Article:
The storage tank will sit along Antioch Road at the Dominion Valley subdivision. It beat out an alternate site on Antioch Road near Thunder Road, which is in the Rural Crescent — an 80,000 acre preserve on the west end of the county sheltered from most development.
The decision marked a victory for Rural Crescent residents who rallied hard against the Thunder Oaks site.
Never mind that the tank will stand 128 feet tall and sit just a few hundred yards from Rural Crescent boundaries –the principle of preservation was upheld.
About 20 people, most residents of Thunder Oaks, spoke out against the proposed Thunder Oaks site and urged the commission to approve the Dominion Valley site.
They said it was illogical and unfair to clear land and build a tank in the protected area that will only serve nearby developments like Dominion Valley and Heritage Hunt.
“It’s like the saying, ‘You ought to dance with the one who brought you.’ Common sense dictates that the water tank ought to be built on the site where the water is being used,” said Jerry Curry, a Thunder Oaks resident.
Many residents who live at elevations above the site pointed out that while the tank might not be widely visible in greater community, they would see it from their homes.
“It’s like hiding an elephant in tall grass,” said David Christiansen.
The Planning Commission voted unanimously to find the site inconsistent with the 1998 comprehensive plan — a land use guide for the county. Though not binding, county officials use the plan as a blueprint when making land use decisions.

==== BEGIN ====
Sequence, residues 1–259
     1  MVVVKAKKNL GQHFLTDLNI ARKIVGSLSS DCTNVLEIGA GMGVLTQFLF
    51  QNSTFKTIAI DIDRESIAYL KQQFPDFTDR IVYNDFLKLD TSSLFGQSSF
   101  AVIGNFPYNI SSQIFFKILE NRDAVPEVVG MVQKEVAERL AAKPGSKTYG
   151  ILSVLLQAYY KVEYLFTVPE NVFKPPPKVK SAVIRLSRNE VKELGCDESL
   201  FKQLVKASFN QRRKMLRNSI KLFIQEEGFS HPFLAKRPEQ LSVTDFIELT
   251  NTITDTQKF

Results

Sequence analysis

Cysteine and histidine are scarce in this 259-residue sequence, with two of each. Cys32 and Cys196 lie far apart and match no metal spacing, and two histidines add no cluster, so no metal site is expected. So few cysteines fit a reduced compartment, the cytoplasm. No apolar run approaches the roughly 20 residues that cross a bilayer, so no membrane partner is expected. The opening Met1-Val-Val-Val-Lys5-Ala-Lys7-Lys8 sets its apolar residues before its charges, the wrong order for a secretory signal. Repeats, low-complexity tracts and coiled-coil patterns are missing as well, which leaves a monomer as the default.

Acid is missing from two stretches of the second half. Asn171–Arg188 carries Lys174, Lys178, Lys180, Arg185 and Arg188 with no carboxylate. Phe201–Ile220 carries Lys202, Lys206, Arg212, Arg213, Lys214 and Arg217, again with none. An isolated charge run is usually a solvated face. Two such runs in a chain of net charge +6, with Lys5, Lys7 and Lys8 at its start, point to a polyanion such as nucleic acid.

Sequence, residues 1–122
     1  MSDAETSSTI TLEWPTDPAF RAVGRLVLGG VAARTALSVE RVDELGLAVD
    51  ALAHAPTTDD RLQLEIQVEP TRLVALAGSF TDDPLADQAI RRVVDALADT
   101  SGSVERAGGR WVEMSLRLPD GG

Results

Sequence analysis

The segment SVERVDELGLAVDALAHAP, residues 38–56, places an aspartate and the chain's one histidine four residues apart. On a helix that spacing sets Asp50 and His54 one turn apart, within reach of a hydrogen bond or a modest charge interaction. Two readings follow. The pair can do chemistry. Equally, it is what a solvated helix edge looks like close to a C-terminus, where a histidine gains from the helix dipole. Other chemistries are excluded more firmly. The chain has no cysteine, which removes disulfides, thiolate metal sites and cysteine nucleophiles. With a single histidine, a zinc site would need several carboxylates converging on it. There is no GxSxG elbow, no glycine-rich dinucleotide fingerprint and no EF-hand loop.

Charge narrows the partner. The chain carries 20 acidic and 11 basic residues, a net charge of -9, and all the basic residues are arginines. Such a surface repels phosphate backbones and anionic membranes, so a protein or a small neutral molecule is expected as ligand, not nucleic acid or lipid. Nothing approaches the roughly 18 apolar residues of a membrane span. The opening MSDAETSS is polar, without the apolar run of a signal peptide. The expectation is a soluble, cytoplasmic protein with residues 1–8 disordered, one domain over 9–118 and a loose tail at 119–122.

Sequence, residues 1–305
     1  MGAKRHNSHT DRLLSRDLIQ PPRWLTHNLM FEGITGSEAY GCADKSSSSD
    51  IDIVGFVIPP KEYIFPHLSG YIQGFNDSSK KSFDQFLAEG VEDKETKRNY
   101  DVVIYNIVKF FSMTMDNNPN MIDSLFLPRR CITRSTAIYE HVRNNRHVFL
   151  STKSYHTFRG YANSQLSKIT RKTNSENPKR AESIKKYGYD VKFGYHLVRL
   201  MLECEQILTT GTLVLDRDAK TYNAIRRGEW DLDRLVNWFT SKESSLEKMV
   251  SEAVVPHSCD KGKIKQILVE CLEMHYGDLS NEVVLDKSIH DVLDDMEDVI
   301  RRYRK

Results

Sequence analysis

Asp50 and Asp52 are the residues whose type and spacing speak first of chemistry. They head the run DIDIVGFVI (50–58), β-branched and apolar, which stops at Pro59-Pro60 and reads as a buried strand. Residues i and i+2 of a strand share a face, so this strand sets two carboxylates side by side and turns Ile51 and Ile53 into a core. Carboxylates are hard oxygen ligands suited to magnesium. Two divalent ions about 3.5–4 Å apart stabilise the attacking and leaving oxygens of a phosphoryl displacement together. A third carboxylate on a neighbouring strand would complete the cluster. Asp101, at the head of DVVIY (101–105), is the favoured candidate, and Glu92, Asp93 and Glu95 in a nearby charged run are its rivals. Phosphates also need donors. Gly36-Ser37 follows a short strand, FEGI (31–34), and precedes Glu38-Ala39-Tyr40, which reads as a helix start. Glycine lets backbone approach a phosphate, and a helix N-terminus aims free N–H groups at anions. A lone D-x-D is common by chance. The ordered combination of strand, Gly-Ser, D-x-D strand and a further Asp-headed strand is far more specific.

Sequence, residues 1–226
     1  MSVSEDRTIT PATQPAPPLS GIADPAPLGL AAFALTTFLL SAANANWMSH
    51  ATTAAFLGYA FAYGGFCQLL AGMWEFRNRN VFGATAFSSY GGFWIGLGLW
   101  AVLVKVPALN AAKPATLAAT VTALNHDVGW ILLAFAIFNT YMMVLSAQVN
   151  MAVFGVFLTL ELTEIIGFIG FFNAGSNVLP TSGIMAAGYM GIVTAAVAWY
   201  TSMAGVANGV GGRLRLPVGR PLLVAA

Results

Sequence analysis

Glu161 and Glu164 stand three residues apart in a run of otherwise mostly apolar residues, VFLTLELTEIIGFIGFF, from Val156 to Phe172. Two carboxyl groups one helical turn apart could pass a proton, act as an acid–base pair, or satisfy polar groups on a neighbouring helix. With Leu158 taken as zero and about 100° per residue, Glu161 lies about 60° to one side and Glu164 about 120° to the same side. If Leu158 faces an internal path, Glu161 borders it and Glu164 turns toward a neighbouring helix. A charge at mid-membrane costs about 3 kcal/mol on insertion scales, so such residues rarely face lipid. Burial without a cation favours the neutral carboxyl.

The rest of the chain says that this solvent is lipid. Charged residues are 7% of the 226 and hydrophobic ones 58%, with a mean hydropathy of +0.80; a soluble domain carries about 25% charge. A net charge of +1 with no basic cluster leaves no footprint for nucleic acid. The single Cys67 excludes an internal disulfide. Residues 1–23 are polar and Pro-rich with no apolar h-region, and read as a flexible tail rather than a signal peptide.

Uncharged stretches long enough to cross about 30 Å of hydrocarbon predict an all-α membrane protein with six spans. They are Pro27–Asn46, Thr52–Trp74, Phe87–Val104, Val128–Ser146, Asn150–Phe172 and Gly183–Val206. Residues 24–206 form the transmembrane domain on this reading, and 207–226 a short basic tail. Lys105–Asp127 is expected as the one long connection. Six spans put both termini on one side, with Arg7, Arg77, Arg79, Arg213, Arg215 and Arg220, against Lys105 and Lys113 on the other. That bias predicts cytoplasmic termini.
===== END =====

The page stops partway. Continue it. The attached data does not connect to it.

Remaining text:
All of the commissioners voted in favor of the Dominion Valley site, which is across from Camp Snyder, a camp owned by the Boy Scouts of America.
The search for an acceptable water storage tank site has taken more than a year and the planning commission has held five public hearings. There is one water storage tank in the Haymarket area and a second has been planned since 1990.
Chuck Weber, head of the Prince William County Service Authority, said the sites were carefully chosen and the Dominion Valley site tank must stand 128 feet tall to be efficient.
The tank will be built in the next five years. It will provide emergency water in case of fires and help equalize water pressure in new housing developments in the area.
Because the water tank is undergoing a public facility review, the Planning Commission’s decision is final unless the Board of County Supervisors chooses to review it.